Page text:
Israel / Palestine / Genocide Studies

"Palestinians evacuate the village of Zenin in 1948. Some scholars say that what is now called 'ethnic cleansing' constitutes a form of genocide." (Getty Images)
Top Genocide Scholars Battle Over How To Characterize Israel's Actions
By Gal Beckerman, February 16, 2011
"Did Jews commit genocide in 1948? The question is provocative, and the answer for most people is an unequivocal no. But a debate over this idea has formed the crux of a heated argument among the most eminent genocide scholars in the world, and led recently to the censure of an Israeli professor by the field’s leading academic association. It's also one more reminder of the growing divide between European scholars and their American and Israeli counterparts when it comes to how they view Israel, both historically and in the present moment. The debate began in the pages of a scholarly publication, the Winter 2010 issue of the Journal of Genocide Research. Two specialists in genocide, Omer Bartov of Brown University and Martin Shaw of Roehampton University, in London, engaged in a back-and-forth exchange about whether the word 'genocide' could be applied to the expulsion and killing of Arabs in Palestine during Israel's War of Independence. During the course of the war, more than 700,000 Palestinians fled or were forced out of their homes and were later prevented from returning, creating what would become one of the world’s most enduring refugee crises. Both Bartov and Shaw agreed that some form of what is now called 'ethnic cleansing' did occur. But where Bartov was not willing to think of this as genocide, Shaw confidently argued that any policies meant to destroy a group, even if not outright murder, should be seen as genocide.

Friday, February 18, 2011

Poland / Jewish Holocaust / Genocide Memorials

"Efforts are underway to update the exhibitions at Auschwitz. Above, Piotr Cywinski, the director of the Auschwitz-Birkenau State Museum." (Piotr Malecki/The New York Times)
Auschwitz Shifts From Memorializing to Teaching
By Michael Kimmelman
The New York Times, February 18, 2011
"For nearly 60 years, Auschwitz has told its own story, shaped in the recent aftermath of the Second World War. It now unfolds, unadorned and mostly unexplained, in displays of hair, shoes and other remains of the dead. Past the notorious, mocking gateway, into the brick ranks of the former barracks of the Polish army camp that the Nazis seized and converted into prisons and death chambers, visitors bear witness via this exhibition. Now those in charge of passing along the legacy of this camp insist that Auschwitz needs an update. Its story needs to be retold, in a different way for a different age. Partly the change has to do with the simple passage of time, refurbishing an aging display. Partly it's about the pressures of tourism, and partly about the changing of generations. What is the most visited site and the biggest cemetery in Poland for Jews and non-Jews alike, needs to explain itself better, officials here contend. A proposed new exhibition at the Auschwitz-Birkenau State Museum here, occupying some of the same barracks or blocks, will retain the piled hair and other remains, which by now have become icons, as inextricable from Auschwitz as the crematoria and railway tracks. But the display will start with an explanatory section on how the camp worked, as a German Nazi bureaucratic institution, a topic now largely absent from the present exhibition, which was devised by survivors during the 1950s. Back then they wished to erase the memory of their tormenters, as the Nazis had tried to erase them, so they said as little as possible in their exhibition about the Germans who had conceived and run the camp. They focused on mass victimhood but didn't highlight individual stories or testimonials of the sort that have become commonplace at memorial museums as devices to translate incomprehensible numbers of dead into real people, giving visitors personal stories and characters they can relate to.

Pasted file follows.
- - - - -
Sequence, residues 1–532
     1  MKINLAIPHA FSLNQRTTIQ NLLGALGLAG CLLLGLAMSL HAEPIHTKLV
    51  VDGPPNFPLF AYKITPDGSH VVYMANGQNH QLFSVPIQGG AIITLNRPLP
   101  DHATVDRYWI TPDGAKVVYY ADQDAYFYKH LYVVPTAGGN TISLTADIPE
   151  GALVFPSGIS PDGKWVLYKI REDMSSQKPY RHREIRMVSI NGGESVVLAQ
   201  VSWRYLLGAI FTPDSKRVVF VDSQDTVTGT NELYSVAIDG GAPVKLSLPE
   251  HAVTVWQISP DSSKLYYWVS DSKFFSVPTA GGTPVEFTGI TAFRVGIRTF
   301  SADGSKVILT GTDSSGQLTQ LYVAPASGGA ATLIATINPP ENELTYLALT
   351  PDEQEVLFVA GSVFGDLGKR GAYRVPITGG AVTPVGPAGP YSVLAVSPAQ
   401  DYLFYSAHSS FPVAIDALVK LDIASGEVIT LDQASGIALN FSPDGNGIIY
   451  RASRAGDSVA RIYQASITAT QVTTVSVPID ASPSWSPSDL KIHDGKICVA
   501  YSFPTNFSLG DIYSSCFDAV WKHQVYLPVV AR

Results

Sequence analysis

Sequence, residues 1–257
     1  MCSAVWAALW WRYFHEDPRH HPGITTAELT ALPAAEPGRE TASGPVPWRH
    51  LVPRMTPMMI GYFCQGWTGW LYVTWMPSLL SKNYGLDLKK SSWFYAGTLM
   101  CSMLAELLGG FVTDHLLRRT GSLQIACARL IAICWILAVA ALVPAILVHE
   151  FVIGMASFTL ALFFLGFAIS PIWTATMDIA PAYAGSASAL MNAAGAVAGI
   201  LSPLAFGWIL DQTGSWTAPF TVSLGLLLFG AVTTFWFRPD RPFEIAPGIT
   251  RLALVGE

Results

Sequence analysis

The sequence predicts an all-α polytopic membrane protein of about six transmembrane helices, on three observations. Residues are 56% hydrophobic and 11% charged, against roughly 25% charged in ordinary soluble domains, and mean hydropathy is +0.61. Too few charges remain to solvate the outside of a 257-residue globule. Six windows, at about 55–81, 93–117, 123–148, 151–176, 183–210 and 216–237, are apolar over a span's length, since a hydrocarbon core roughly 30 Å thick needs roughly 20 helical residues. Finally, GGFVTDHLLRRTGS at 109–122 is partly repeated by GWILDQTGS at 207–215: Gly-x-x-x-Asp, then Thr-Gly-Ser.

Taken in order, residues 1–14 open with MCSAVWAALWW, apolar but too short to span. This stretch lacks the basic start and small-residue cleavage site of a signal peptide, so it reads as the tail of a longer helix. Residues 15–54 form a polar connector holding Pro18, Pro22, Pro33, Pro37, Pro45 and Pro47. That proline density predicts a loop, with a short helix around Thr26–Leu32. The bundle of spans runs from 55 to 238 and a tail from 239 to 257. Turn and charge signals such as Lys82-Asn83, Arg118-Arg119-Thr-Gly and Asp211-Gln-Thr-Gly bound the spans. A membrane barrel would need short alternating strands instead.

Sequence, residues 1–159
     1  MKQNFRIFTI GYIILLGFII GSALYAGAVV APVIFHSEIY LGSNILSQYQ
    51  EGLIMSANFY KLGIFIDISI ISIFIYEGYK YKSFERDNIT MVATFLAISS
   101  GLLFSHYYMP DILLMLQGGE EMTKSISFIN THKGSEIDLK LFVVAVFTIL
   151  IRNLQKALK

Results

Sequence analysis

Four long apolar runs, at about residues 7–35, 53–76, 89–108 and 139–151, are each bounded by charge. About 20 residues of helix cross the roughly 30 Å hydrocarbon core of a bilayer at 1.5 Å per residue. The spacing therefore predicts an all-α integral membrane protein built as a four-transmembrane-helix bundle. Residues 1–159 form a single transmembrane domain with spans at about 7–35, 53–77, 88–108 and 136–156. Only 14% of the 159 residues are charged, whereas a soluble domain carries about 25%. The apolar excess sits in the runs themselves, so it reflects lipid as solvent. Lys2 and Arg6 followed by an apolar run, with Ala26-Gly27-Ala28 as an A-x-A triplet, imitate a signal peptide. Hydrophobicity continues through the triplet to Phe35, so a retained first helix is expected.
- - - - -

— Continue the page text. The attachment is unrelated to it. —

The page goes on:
Sunday, February 13, 2011

Greece / Germany / Nazism

"Greek civilians look on as the Germany army makes its way to Thessaloniki in April 1941." (Getty)
Athens Backs Villagers' Fight for German Compensation over 1944 SS Massacre
By Helena Smith
The Observer, February 13, 2011
"A Nazi massacre remembered by Greeks as one of the worst atrocities of the second world war is threatening to plunge relations between Athens and Berlin to a new low amid rising criticism of Germany's failure to pay compensation. The diplomatic dispute erupted last month after the Greek prime minister, George Papandreou, pledged his government would support the compensation claims of survivors and relatives of the massacre in the village of Distomo in June 1944, which left 218 people dead. No previous administration has dared touch the case for fear of tensions with Germany. 'This is about history. This is not anti-German,' the Socialist leader told the Observer. 'It is about something that happened over 60 years ago, of honouring the memory of Greek citizens who were sacrificed for their country.' At a time when Athens is fighting off bankruptcy with austerity measures – demanded by international creditors after the biggest bailout in history -- Papandreou's move is popular. Under Nazi occupation from April 1941, more than 300,000 Greeks starved to death, 130,000 were executed in reprisals, and most of the Jewish community was sent to the gas chambers. The tragedy at Distomo, near Delphi, is ingrained in the national consciousness. Children are taught that on 10 June 1944 some 218 men, women and children were slaughtered by a Waffen-SS unit in reprisal for an ambush on German troops outside the village. It occurred on the same day as the SS massacre at Oradour-sur-Glane in France. Bodies were found dangling from trees by the road to the village when a Red Cross team visited days later.